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Blogs | December 24, 2015
2 minute read

MSC will examine the collateral attack rule as it applies to cases terminating parental rights

In In re Jones, No. 152595, the Michigan Supreme Court granted leave to appeal to determine what a respondent must do to preserve for appeal any alleged errors in adjudication from an order terminating parental rights.  The court will reconsider its decision in In re Hatcher, 443 Mich 426 (1993), 

The Department of Health and Human Services (DHHS) filed a petition to remove two children from their mother’s home.  The petition indicated neglect and abuse, and DHHS filed a supplemental petition that included additional allegations.  At the preliminary hearing, the trial court determined that it could exercise jurisdiction over the children and authorized the petition in light of the mother’s admissions.  The mother appealed, and amongst multiple claims, she argued that the trial court lacked jurisdiction over her children and failed to advise her of the consequences of entering a plea before she stated her admissions on record.  The Court of Appeals concluded that the mother was precluded from challenging the trial court’s exercise of jurisdiction because she appealed from a dispositional order of termination entered after the initial adjudication.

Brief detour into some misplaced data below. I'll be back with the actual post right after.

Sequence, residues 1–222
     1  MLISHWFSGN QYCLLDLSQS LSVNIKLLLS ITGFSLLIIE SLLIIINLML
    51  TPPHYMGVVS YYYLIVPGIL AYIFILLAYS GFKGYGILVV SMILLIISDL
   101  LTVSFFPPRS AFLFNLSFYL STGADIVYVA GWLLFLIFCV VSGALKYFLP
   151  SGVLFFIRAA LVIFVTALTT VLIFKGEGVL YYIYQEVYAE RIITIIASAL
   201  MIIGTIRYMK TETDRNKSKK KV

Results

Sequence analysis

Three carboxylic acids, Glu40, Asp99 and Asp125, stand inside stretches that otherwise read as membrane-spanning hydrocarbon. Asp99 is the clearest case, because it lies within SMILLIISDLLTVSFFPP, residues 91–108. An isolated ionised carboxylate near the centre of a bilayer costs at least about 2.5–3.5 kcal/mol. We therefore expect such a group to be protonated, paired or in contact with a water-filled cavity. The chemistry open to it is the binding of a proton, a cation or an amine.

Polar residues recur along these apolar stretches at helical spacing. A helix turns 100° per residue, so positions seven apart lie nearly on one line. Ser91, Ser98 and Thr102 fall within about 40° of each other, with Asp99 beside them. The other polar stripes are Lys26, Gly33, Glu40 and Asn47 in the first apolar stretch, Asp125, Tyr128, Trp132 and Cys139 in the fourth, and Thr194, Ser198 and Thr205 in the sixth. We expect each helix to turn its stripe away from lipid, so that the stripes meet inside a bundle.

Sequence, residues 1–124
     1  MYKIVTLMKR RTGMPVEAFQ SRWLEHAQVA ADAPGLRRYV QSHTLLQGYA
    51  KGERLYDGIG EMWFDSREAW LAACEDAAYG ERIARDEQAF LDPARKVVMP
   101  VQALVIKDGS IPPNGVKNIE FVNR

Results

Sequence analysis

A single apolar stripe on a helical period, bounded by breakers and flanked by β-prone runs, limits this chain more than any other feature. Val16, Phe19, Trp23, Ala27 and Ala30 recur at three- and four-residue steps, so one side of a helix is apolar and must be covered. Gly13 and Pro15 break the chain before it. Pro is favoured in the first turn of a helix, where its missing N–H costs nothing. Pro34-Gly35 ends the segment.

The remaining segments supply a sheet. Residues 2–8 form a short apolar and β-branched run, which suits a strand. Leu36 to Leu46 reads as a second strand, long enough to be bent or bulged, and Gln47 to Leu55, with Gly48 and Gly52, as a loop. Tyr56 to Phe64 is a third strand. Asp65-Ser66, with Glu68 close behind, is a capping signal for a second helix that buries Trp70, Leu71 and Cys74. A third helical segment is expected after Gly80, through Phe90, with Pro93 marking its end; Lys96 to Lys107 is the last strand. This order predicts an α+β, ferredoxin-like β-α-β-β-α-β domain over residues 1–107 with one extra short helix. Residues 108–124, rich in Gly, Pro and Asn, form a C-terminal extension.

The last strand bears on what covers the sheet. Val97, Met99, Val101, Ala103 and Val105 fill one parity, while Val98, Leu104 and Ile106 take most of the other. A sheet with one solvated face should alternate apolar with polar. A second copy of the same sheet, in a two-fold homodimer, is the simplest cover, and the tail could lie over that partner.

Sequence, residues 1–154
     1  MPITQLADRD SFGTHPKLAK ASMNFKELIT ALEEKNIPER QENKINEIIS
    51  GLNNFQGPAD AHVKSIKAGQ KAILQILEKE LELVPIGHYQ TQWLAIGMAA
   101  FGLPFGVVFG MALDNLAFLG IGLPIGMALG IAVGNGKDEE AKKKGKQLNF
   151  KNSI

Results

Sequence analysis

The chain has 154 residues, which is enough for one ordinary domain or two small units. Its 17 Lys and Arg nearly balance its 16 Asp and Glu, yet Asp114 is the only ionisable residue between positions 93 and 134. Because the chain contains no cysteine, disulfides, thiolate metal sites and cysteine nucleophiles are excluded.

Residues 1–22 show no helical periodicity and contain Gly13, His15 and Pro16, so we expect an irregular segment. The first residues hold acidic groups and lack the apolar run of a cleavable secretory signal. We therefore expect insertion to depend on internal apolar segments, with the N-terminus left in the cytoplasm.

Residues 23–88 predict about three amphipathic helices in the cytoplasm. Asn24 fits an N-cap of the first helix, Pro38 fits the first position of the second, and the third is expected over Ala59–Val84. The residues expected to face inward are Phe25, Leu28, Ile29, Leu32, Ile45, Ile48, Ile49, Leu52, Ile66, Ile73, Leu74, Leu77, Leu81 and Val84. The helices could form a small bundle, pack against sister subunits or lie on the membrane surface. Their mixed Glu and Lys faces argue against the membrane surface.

The Michigan Supreme Court is reconsidering its decision in In re Hatcher, 443 Mich. 426 (1993), to apply "the collateral attack rule to bar a challenge to the adjudication as part of an appeal from an order terminating parental rights, notwithstanding the entry of intervening dispositional orders that were appealable of right, see MCR 3.993(A)(1)."  If the Court determines the opinion was incorrect, the parties must also address what a respondent must do to preserve for appeal any alleged errors in the adjudication, and what effect, if any, a party’s failure to utilize an appeal of right may have on that party’s subsequent appeal of that issue.